Wednesday, March 9, 2011

The Permanent Portfolio and Your 401k

Yesterday I received a nice comment and was asked about setting up a permanent portfolio via a 401k plan.  As a side note, I don't always respond to comments as I don't want to get bogged down in debates and get sidetracked, but if someone asks an interesting question, I will post a response if I think I can contribute something insightful (I'll have another response to another comment tomorrow).

For a 401k plan, it is hard to set up a permanent portfolio (as described by Harry Browne in his book Fail Safe Investing).  It is even harder to recommend something because every company is different in what they offer.  Some companies offer plans that limit you to just a few mutual funds, while other plans may offer hundreds of funds.

If your 401k plan is limited and only offers a few funds, then it will be impossible to set up anything close to the permanent portfolio.  My best advice in this situation is to split up your money between stocks, long-term bonds, and a money market fund.  Hopefully your plan at least includes these options.  The problem here is that you don't have anything in gold or even related to gold.  This leaves your portfolio vulnerable to inflation and if you are going to be short on something right now, an inflation hedge is the last thing you want to leave out of your investments.

In this circumstance, take any non-emergency money that you have saved up and invest it in gold or gold related investments to make up for the shortfall in your retirement plan, if this is possible.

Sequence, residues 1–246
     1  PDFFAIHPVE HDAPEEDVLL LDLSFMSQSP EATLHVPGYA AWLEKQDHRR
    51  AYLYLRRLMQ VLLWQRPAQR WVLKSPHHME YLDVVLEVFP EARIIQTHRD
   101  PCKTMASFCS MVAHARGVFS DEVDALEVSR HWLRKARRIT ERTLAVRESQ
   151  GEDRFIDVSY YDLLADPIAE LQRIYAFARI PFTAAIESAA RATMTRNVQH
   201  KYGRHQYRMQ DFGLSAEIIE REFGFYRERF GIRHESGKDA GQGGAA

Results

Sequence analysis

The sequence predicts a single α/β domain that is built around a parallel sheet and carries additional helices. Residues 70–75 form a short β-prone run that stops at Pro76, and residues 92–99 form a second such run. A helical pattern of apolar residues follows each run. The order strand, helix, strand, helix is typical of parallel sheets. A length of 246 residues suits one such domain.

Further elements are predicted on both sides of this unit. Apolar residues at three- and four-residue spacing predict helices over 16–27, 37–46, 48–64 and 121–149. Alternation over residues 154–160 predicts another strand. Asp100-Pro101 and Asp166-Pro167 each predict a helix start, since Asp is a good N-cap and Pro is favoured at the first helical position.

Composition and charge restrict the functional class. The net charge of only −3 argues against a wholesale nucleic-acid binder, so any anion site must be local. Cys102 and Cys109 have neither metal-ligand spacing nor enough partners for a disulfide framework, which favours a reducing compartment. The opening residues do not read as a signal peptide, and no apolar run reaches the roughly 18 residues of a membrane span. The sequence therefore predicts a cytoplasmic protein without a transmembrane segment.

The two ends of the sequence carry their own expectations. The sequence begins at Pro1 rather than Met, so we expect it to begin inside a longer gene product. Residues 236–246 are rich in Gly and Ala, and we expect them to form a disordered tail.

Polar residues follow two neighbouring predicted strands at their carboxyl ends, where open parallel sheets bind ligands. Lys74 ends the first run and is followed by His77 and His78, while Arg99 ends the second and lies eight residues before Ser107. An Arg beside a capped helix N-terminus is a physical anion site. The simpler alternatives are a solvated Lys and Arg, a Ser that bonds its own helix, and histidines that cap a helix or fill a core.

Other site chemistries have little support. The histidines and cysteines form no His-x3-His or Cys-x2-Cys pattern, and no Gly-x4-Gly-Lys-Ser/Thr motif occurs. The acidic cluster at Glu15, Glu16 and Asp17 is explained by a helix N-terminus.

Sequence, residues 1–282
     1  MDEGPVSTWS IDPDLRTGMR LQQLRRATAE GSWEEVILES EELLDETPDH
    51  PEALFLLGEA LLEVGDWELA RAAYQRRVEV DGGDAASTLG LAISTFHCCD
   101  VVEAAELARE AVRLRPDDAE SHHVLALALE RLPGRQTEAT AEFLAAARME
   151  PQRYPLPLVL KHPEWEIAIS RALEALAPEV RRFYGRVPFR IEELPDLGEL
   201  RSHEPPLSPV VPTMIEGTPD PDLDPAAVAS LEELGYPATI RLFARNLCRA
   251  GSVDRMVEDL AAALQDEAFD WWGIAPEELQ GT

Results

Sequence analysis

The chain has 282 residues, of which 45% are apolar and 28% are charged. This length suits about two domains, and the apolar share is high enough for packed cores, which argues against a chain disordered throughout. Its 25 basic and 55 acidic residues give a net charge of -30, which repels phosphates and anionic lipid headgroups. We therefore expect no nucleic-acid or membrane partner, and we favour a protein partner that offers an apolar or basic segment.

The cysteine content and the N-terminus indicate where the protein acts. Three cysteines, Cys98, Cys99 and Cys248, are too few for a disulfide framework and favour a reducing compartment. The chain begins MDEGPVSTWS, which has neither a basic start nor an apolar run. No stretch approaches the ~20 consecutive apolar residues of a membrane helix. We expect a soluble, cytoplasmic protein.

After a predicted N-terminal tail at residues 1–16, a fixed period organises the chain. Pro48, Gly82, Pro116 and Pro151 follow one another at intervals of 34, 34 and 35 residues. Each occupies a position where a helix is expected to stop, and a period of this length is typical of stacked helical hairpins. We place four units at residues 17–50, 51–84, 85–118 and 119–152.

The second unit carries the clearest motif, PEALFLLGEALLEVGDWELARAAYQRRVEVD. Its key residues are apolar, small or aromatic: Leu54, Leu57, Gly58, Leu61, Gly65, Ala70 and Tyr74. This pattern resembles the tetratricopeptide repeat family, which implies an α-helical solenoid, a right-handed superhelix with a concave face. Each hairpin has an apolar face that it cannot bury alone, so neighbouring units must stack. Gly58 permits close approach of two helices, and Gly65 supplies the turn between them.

If your 401k plan offers a lot of choices, then you may be able to work with it.  I have seen plans that offer all of the Fidelity mutual funds and Fidelity offers a lot of select funds.  The stocks, bonds, and cash portions should be easy.  For your inflation hedge, you can at least invest in a precious metals mutual fund. Now understand that this is not the same as owning the metal.  Gold stocks are actually much more volatile than the price of the metal.  So if you can't invest in gold directly, you should go lower with a mutual fund of gold stocks.  In this case, it might be good to put 10% in a gold mutual fund.  For more inflation protection, you could also add in 5% for an energy mutual fund.  If you were to put a full 25% in a gold mutual fund (made up of gold stocks), your portfolio would get hammered if something happened like the fall of 2008.

In some Fidelity plans (and I suspect others offer similar options), you can use "brokerage link", which allows you to invest in most mutual funds and maybe more depending on your plan.  If this is an option, you can take most of your 401k money and put it into the permanent portfolio mutual fund (PRPFX).  If your plan allows you to buy exchange traded funds (ETFs), then you can buy TLT (bonds), GLD (gold), and an ETF of the broad market like the S&P 500.  The cash portion is always easy to find something.  In addition, you could always take your gold percentage down to 20% and put the other 5% in SLV (silver).  Silver is more volatile, but can be very profitable in a commodity bull market.

Explore your choices with your 401k plan and adapt as necessary.  Just make sure you find some protection against inflation.  The Fed is creating new money like crazy and having all of your money sitting in cash is actually a huge risk right now.

1 comment:

Scott said...

Thanks for creating this post. I was the one who requested it. I'd still be interested in contacting you offline, so I'm posting this with my Google account.

I'll have to take a look at my 401k accounts and see what options I have. Thanks again!